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Japanese, South Korean leaders agree North Korea-Russia ties pose serious threat

Japanese Prime Minister Fumio Kishida agreed with South Korean President Yoon Suk Yeol on Wednesday that North Korea’s deepening ties with Russia pose a serious threat and that the security challenges facing Asia and Europe are becoming increasingly indivisible.

The meeting in Washington confirmed that Japan and South Korea will strengthen cooperation with the United States, as well as with NATO and partners in the Indo-Pacific region, given the increasing complexity of regional issues and their broader implications, Japanese officials said.

Japanese Prime Minister Fumio Kishida (R) and South Korean President Yoon Suk Yeol (L) meet in Washington, D.C., July 10, 2024. (Yonhap/Kyodo)

“In light of the current international situation, it is extremely important for the leaders of Japan and South Korea to have a solid relationship based on trust and appreciation of strategic issues, and to hold discussions and cooperate closely with each other,” Kishida told Yoon.

Yoon said North Korea’s strengthening military and economic cooperation with Russia after they signed a comprehensive partnership treaty last month was causing “serious concerns for global security, not to mention East Asia.”

The agreement, which includes a provision on mutual assistance in the event of an attack on the other side, was reached as Russian President Vladimir Putin visited North Korea for the first time in 24 years.

Relations between Moscow and Pyongyang have deepened significantly since Russia began its invasion of Ukraine in February 2022. Western officials say North Korea has supplied Russia with missiles and other weapons for its war with Ukraine.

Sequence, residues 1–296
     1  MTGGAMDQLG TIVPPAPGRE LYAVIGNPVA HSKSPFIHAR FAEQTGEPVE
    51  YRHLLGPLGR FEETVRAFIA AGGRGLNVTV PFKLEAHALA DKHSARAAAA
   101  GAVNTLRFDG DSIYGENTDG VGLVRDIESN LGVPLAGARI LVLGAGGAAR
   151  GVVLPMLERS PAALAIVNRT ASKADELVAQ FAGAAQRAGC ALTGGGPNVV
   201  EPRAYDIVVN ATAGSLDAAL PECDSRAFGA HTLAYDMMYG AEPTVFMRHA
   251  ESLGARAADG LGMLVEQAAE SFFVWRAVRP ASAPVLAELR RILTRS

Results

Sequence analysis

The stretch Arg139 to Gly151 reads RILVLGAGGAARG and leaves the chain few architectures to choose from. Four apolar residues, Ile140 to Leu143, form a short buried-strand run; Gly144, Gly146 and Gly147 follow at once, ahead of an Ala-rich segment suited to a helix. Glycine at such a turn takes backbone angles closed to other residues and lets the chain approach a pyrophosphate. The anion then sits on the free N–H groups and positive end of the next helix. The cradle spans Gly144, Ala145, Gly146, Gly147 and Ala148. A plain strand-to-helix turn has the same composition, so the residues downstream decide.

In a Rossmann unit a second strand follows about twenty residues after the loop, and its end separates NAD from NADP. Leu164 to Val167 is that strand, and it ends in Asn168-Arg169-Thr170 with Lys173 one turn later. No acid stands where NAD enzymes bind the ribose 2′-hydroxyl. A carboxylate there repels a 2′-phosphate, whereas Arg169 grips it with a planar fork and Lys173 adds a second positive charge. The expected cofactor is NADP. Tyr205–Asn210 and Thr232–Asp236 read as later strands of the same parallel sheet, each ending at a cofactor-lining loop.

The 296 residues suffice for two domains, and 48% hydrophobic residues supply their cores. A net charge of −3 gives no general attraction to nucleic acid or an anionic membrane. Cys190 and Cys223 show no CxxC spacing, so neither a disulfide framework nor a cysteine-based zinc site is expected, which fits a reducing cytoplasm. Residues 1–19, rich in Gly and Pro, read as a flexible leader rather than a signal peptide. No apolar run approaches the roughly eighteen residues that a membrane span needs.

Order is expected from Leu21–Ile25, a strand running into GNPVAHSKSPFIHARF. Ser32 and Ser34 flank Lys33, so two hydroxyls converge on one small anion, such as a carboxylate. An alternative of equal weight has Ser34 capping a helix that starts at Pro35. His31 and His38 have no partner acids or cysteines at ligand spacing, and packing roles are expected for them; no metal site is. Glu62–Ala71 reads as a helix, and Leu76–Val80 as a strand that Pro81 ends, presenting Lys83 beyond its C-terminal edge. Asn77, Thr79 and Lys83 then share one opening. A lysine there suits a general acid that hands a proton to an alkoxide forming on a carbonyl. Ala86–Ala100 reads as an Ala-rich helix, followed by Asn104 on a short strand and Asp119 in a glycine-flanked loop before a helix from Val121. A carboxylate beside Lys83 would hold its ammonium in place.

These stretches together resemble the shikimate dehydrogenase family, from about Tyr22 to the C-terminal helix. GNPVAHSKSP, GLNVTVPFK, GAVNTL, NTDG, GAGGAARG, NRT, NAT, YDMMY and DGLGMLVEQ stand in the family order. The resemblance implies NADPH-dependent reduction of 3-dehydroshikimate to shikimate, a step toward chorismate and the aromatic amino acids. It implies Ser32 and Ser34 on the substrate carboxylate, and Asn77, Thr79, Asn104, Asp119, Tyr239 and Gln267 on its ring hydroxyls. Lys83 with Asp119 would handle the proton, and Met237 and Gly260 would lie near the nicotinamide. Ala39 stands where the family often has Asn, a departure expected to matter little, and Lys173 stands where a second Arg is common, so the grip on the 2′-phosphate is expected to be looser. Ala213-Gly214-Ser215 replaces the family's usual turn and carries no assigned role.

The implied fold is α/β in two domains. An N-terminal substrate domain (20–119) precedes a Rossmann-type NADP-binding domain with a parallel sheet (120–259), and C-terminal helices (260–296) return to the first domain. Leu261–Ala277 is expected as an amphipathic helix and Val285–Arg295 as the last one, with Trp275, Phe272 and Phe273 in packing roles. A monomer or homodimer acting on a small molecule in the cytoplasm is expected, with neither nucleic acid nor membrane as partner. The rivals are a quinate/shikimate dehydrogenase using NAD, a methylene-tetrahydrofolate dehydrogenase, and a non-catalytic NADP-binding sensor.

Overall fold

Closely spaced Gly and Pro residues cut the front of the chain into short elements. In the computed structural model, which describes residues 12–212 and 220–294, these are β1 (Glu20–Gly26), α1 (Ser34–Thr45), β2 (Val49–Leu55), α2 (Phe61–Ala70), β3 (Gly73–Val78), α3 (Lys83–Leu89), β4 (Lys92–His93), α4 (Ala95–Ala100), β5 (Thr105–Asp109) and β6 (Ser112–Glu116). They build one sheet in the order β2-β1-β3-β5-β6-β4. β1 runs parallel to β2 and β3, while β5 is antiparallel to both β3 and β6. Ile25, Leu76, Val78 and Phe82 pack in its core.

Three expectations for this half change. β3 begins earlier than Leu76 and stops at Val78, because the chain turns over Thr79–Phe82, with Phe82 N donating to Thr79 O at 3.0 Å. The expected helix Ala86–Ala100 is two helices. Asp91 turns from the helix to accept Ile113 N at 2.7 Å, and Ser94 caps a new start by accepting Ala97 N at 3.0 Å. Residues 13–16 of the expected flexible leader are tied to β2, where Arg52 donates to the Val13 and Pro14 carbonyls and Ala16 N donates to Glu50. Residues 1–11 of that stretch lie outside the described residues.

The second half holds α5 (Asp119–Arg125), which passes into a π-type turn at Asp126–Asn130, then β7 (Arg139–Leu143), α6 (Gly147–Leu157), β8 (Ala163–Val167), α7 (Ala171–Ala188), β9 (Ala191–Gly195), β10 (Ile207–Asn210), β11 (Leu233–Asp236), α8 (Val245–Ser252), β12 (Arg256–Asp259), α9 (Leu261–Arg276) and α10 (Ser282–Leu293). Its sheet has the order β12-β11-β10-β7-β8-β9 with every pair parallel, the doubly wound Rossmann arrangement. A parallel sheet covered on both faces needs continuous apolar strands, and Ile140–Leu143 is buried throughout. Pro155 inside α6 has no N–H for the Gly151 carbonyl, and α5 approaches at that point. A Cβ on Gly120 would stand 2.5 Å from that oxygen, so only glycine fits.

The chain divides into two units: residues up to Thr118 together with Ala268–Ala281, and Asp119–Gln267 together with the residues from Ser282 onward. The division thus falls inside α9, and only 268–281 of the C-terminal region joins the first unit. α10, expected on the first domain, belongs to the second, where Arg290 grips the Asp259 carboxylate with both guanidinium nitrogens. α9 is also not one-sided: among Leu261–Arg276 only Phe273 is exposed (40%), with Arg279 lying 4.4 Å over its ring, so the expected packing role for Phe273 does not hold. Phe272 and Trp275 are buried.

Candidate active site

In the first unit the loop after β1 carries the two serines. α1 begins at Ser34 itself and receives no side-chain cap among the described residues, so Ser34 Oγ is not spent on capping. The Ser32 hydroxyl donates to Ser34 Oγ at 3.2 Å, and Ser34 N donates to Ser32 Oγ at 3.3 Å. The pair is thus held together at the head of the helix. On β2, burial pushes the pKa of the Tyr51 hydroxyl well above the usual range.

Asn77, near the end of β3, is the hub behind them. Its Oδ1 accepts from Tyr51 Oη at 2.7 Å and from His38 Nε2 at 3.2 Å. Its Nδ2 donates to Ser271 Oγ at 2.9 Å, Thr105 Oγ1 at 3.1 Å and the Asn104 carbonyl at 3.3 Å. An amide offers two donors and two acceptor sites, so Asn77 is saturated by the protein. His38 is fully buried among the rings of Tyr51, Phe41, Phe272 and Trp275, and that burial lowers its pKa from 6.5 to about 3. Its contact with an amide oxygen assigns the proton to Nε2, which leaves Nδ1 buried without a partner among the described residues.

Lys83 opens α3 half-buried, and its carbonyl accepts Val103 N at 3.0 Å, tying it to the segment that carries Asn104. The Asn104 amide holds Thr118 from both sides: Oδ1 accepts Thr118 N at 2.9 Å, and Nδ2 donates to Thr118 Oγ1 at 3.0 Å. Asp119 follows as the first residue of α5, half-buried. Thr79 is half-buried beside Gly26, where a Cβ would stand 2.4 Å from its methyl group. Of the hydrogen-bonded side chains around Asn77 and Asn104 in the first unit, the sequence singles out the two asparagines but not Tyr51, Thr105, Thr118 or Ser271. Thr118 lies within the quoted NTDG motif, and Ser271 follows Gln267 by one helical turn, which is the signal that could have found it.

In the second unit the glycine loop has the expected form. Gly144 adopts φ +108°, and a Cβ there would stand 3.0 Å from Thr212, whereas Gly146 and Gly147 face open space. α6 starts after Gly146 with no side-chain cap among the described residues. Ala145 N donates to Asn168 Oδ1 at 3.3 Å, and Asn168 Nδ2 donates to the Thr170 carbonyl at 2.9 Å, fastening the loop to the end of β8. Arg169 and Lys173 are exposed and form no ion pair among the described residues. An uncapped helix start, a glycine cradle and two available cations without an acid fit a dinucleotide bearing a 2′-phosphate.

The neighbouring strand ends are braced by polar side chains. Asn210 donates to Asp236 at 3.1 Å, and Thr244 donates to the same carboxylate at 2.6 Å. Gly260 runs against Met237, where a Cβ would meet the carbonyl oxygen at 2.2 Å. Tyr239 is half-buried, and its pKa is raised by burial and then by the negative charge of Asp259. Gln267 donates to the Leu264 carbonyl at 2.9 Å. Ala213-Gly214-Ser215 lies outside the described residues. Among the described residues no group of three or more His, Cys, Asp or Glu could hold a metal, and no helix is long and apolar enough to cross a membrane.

Japanese Prime Minister Fumio Kishida (R) and South Korean President Yoon Suk Yeol shake hands in Washington, July 10, 2024. (Yonhap/Kyodo)

Kishida and Yoon, who last met in Seoul in May, also agreed to maintain close contacts ahead of the 60th anniversary of the normalization of diplomatic relations between the two countries next year, the Japanese Foreign Ministry said.

Kishida and Yoon’s conversation, which lasted about 35 minutes, took place on the eve of their third consecutive meeting with NATO leaders.

Along with Australia and New Zealand, both countries were invited to the annual NATO summit as the alliance’s four partner countries in the Indo-Pacific region.

The 32-member NATO, the world’s largest military alliance, and the four nations have stepped up dialogue and cooperation, both bilaterally and collectively, in the face of security challenges such as those from China and Russia.

On Wednesday, Kishida also held talks with Swedish Prime Minister Ulf Kristersson, whose country joined NATO in March as the newest member of the transatlantic alliance.

According to the ministry, Kishida and Kristersson discussed how to respond to Russia’s invasion of Ukraine and North Korea. They also agreed to strengthen cooperation not only in security matters but also in economic, technological and academic matters.

While in the U.S. capital until Thursday, before leaving for Germany, Kishida is scheduled to meet with new British Prime Minister Keir Starmer and NATO Secretary General Jens Stoltenberg, who will end his term in October after 10 years in the role, officials said.


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